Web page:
“Keep the stories short and detailed …” “Get their voices and the sound swirling around them …” “These five stories at the top and bottom of every newscast …”

The approach to news, the philosophies, the strategies … after 11 months as a radio news editor, this old newspaperman still has so much more to learn. Sometimes it feels like I’m evolving from thinking two-dimensionally to thinking three-dimensionally.

But there’s a rhythm to the heartbeat of this organism. A pattern in the tapestry. If nothing else, I can latch on to the regularity of how this organism moves from one hour to the next, from one day and week to the next, and make it a part of my own rhythms.

My reporters are filing in, slowly but surely, as we approach our scheduled 5 p.m. staff meeting. I’ve kept them informed about where their candidates will be tonight, where the watch parties will be, and reliable contact numbers. We’ll have our meeting, have some pizza, and then I will deploy our army into the political world, and then the battle begins.

Follow past entries here.

Election 2018: Recommended reading

Today we’re seeing a blizzard of news analysis pieces, essays, op-eds, and a million other election-related items.

Here are five pieces that I’d recommend. I may offer recommendations later in the evening. Please add your own recommendations in the comments.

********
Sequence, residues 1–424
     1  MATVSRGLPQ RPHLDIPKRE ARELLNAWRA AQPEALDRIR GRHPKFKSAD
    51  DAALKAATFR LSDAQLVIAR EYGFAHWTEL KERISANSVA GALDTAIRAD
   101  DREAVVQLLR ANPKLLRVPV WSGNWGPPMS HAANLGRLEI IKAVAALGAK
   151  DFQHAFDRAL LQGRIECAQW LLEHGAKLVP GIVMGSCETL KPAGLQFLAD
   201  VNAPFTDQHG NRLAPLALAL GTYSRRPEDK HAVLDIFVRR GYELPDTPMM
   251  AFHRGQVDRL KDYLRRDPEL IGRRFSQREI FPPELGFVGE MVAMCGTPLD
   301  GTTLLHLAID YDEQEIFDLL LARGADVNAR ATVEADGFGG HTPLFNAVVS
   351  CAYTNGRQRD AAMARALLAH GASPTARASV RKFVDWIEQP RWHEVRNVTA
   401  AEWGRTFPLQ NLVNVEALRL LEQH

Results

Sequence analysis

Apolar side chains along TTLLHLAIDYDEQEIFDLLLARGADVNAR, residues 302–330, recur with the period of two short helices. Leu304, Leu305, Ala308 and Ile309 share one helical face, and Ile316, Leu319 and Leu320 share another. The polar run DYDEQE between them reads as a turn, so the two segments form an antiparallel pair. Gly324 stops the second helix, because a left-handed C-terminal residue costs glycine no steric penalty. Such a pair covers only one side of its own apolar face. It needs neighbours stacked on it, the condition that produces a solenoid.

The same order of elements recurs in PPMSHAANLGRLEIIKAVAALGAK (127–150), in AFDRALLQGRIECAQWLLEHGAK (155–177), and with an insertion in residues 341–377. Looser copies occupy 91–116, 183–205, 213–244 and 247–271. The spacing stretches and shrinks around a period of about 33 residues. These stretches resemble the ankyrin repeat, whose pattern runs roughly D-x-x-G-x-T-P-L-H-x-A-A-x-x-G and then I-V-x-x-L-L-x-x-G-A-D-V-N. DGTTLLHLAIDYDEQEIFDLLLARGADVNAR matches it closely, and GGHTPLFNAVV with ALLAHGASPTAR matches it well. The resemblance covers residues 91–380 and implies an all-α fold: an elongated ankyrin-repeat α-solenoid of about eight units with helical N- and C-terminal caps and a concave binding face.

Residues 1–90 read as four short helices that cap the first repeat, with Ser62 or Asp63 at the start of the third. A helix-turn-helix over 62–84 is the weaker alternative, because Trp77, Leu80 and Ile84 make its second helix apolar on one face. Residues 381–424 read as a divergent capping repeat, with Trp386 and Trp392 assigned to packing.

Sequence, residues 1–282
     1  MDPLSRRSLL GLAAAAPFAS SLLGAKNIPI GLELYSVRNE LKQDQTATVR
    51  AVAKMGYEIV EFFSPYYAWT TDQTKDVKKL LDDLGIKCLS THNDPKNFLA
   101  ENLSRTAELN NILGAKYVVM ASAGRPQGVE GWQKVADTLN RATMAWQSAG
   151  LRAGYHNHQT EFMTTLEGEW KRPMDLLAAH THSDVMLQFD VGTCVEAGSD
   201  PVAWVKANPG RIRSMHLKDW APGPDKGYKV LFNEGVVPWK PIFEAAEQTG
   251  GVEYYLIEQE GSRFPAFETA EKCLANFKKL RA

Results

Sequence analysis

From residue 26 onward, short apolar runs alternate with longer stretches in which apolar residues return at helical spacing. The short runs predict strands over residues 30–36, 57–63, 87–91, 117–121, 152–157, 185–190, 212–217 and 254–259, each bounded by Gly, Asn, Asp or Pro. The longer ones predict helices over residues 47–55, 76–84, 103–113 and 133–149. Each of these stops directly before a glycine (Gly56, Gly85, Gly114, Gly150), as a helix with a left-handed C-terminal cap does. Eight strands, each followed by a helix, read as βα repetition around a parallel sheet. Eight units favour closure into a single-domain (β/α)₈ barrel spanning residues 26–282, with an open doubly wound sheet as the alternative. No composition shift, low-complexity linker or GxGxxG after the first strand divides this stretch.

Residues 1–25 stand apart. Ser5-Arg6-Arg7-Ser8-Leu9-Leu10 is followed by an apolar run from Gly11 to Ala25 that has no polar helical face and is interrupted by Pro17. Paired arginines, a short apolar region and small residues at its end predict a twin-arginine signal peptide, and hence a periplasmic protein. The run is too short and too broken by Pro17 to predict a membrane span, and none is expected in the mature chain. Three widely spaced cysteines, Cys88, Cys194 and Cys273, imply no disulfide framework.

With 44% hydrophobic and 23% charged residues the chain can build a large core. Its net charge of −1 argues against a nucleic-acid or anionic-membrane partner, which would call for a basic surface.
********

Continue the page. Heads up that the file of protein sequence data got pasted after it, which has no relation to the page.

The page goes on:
1. 12 Young People on Why They Probably Won’t Vote
By Rachel Bashein, Zak Cheney-Rice, Amelia Schonbek, and Emma Whitford | New York Magazine | November 2018
“More than half of American adults plan to cast ballots in November, but only a third of people ages 18 to 29 say they will. Here, 12 young adults on why they probably won’t vote.”

2. 7 things to watch on Election Day
By Lisa Hagan and Max Greenwood | The Hill | November 2018
“How big will turnout be? Democrats will pick up House seats but how just how many? It’s not the economy, stupid.”

3. What’s at stake for women in this year’s midterms
By Emily Sugerman | The Daily Beast | November 2018
“Female candidates and abortion rights are on the ballot, while the #MeToo movement is one everyone’s mind.”

4. Voters Head to the Polls, and America Waits for Answers
The New York Times | November 2018
“Will Republicans hold onto their majorities in the House and Senate? Will President Trump’s supporters come out in force at the polls once again? Will a “blue wave” happen?”

5. Spotify Made a Texas Voting Playlist
By Dan Solomon | Texas Monthly | November 2018
“The Sweden-based music streaming service wants to rev up Texans to do their civic duty with songs popular in the state.”